Bitcoin Drops 50%: Is It Time to Buy It?

In the past few months, bitcoin holders have witnessed its insane leap forward. From a high it reached in mid-April, its price has dropped more than 50%, shrinking its market capitalization by $ 500 billion. Due to this significant price drop, many investors are wondering: is now the right time to buy bitcoin?

Before making any hasty decisions on this front, investors should carefully consider the pros and cons of owning this cryptocurrency.

  • On the one hand, the scarcity of Bitcoin is the reason for buying it.
  • On the other hand, its volatility is the reason to stay away from it.

Arguments in favor of buying bitcoin

Bitcoin is an electronic money system powered by blockchain technology. At its core, blockchain is a type of distributed database capable of revolutionizing the financial industry. In particular, blockchain relieves traditional financial institutions (such as banks) from the need to keep records and greatly facilitates transactions.

This technology relies on a distributed network of computers to manage transactions, mint new tokens, and keep the ledgers to keep Bitcoin safe.

Ultimately, this means transaction fees are sharply reduced and cross-border transactions are speeded up, creating a more efficient financial system. These are the main points that distinguish Bitcoin and other cryptocurrencies from traditional (fiat) currencies.

Bitcoin is currently more popular than any other cryptocurrency. It became the first widespread digital token since its launch in 2009 and remains the most popular cryptocurrency (in terms of active addresses) and the largest cryptocurrency (in terms of market capitalization) to this day. Additionally, Bitcoin has gained widespread acceptance in the past few years as fintech companies such as PayPal, Square, and MercadoLibre have integrated it into their platforms.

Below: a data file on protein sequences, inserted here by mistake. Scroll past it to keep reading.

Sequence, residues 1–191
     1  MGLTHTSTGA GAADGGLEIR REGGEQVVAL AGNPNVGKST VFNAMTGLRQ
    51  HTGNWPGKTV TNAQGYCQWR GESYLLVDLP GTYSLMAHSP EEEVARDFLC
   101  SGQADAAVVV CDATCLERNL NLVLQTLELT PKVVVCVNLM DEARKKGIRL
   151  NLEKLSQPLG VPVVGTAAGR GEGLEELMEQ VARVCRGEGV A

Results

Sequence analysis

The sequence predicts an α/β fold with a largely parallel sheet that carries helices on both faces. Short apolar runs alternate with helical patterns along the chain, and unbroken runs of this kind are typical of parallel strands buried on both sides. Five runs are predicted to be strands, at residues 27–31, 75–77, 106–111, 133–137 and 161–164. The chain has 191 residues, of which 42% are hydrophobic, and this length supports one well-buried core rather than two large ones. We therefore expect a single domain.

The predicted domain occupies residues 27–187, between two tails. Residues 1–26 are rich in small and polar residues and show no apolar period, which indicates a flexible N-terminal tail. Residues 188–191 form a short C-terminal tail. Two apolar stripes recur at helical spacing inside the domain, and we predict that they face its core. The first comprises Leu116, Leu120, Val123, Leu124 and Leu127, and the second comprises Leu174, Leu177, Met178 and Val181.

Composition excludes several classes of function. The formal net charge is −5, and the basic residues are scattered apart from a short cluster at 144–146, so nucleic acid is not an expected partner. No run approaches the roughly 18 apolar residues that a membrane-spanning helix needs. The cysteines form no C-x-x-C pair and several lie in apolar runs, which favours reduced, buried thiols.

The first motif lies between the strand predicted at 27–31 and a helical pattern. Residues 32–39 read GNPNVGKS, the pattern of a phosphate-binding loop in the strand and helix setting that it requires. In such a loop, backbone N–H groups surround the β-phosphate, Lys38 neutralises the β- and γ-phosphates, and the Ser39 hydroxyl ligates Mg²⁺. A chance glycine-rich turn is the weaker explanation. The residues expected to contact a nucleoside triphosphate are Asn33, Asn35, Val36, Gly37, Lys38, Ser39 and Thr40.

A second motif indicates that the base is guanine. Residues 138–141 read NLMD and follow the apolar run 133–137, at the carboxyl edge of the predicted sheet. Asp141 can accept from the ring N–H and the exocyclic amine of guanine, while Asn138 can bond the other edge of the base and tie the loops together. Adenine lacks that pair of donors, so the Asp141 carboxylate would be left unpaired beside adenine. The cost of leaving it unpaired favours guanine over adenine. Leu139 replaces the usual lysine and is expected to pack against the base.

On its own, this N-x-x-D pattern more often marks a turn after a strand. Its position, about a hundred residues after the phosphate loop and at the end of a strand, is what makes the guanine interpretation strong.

However, the most compelling case for bitcoin comes from its scarcity. In particular, the computer code behind it limits the total number of tokens that can ever be mined to 21 million bitcoins. Once this limit is reached, which is expected to happen around 2140, it will be impossible to create any more bitcoins. In addition, each next block of cryptocurrency requires more computing power for its creation. All of this makes Bitcoin a kind of digital equivalent of gold or silver in the sense that the value of both is highly correlated with their scarcity and limited reserves.

Ark Invest CEO Katy Wood recently expressed her belief that bitcoin’s value will eventually rise to $ 500,000 – about 14 times its current price. Given Katie Wood’s reputation as one of the most successful Wall Street players, investors might want to heed her opinion.

Arguments against buying bitcoin

One of the most compelling arguments against buying bitcoin is its volatility. Over the past 52 weeks, the token price has fluctuated from a high of $ 64,800 to a low of $ 9,100. Moreover, it recently lost half of its value in just two months, and such wild swings are nothing new to cryptocurrency. For example, in 2018, investors saw an 80% drop in the bitcoin price (from $ 17,500 in January to $ 3,200 by December). This type of volatility makes Bitcoin a very risky investment.

Bitcoin chart
Bitcoin to US dollar chart

Bitcoin skeptics also cite the extremely energy-intensive mining process as an obstacle to mainstream adoption. Indeed, research from the University of Cambridge shows that the amount of energy consumed annually when mining bitcoin is 67 terawatt hours (TWh). This is approximately 0.27% of all electricity generated in the world per year. What would you understand the scale is more than is required to supply all of Austria with electricity.

Finally, Bitcoin is far from the only blockchain-based cryptocurrency that can successfully compete with the traditional financial system. There are thousands of others, and many of them, such as Ethereum and Polkadot, are more useful than Bitcoin because they incorporate smart contracts and decentralized financial applications into their structure.


There are good arguments on both sides of this debate, but personally, I tend to agree with Katie Wood’s opinion. While I probably wouldn’t go with a target price of $ 500,000 per bitcoin, overall I believe it is a truly unique asset.

As the original and most popular, this cryptocurrency definitely has an edge over other digital tokens. And by eliminating the need for centralized oversight from governments and financial institutions, it compares favorably with fiat currencies. Over time, these unique aspects should drive the demand for Bitcoin. And given its limited supply, growing demand should eventually drive up the price.

Review from 07/15/2021 (based on The Motley Fool)

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